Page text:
Well, time for a bit of bathroom humour. I am put in mind of this, by a visit to Costco during the Corona Virus outbreak. Not a roll of toilet paper to be found for love or money. I was joking to my wife that we might be forced to “rough it” like sometimes happens camping. Don’t forget the bog roll or you will discover all the other alternatives.
And they are legion. First and most comical that comes to mind, is my grandmother’s shack out back, the one with a moon on the door. In the country, a good kybo is a good thing. If you are of a luxurious mindframe, you can get a deluxe two-seater model in case you would like a bit of company. The shack was fun in some ways, definitely interesting for a kid, but inexplicably, the constant locus of wasp nests, which motivated you to do your business as quickly as possible. Weather might have the same effect. An outhouse is easier to use in July, than in January at 3 am in the dark. For that reason, my grandmother had chamber pots under the bed so that you had indoor alternatives for those calls of nature in the night.
Reading is one of those inexplicable things people do in the loo. I have never got how this can be comfortable, but some people really like it. In my Grandmother’s kybo this propensity to read and concentrate on something else, was facilitated by the Eaton’s catalogue. It acted as both reading material and toilet paper, what you were perusing, you would tear out, crumple up, unfold and recrumple again as many times as it would take to break the grain of the paper and make it soft like toilet paper. Thank you Mr. Eaton. Popular alternatives were also the Farmer’s Almanac, and the Whole Earth Catalogue. Such possibilities could be a boon for those left out in the cold during the Corona Virus outbreak. Other ingenuous country alternatives to toilet paper, have been things like a small pail of dried corn cobs which shall we say, are recycled in ways most people never thought of. Oh, the possibilities…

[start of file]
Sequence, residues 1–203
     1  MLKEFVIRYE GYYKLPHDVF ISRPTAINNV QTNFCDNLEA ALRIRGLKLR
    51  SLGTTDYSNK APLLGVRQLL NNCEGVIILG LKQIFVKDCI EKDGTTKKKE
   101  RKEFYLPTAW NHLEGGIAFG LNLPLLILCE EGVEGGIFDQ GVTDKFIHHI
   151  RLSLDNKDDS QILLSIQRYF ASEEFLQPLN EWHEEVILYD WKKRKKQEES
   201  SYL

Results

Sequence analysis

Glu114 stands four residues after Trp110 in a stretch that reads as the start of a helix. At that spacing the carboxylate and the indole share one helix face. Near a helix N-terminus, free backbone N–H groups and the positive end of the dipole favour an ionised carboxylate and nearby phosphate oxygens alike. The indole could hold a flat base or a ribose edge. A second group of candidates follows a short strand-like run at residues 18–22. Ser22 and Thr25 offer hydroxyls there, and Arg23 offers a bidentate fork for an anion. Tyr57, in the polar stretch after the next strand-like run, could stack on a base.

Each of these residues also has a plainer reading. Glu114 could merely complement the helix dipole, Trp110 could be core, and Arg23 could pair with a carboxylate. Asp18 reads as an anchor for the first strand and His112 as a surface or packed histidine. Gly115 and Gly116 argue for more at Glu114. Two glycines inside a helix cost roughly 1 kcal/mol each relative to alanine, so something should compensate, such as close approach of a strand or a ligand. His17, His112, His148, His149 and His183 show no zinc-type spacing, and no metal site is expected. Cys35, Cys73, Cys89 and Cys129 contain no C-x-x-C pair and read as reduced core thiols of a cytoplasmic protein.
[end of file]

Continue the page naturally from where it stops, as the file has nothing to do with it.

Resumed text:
Graffiti is another thing added to the list of what people do in the kybo. This generally trends toward subjects people giggle about but wouldn’t own up to in person. In my Grandmother’s outhouse, she would do her calculations of deliveries and such on the door. When milk was coming. There was also a record of when the stone boat was coming, the wagon which would carry out of the full buckets accessed from the trap door on the back of the outhouse. Still, buckets are awkward and the kind of work no one really wants. Most outhouses have a hole that is permanent at least until nature fills it up and you have to relocate. Word of note, if you have a well, your kybo should not be within distance of any seepage of ground water for the obvious reasons.
Kybos are interesting and fun. To reduce the odour, it can be par for the course, to dump some hardwood soda ash into the hole after each usage. It acts somewhat akin to the effects of soap, being high in lye. For those who don’t know, soda ash is the agent used when making soap out of rendered fat. It changes the molecules from fat into lye soap, as anyone knows who has used campfire ashes to scour out a greasy frypan after bacon. Suddenly what you thought was dirt, starts coming up bubbles, and all greasiness is gone.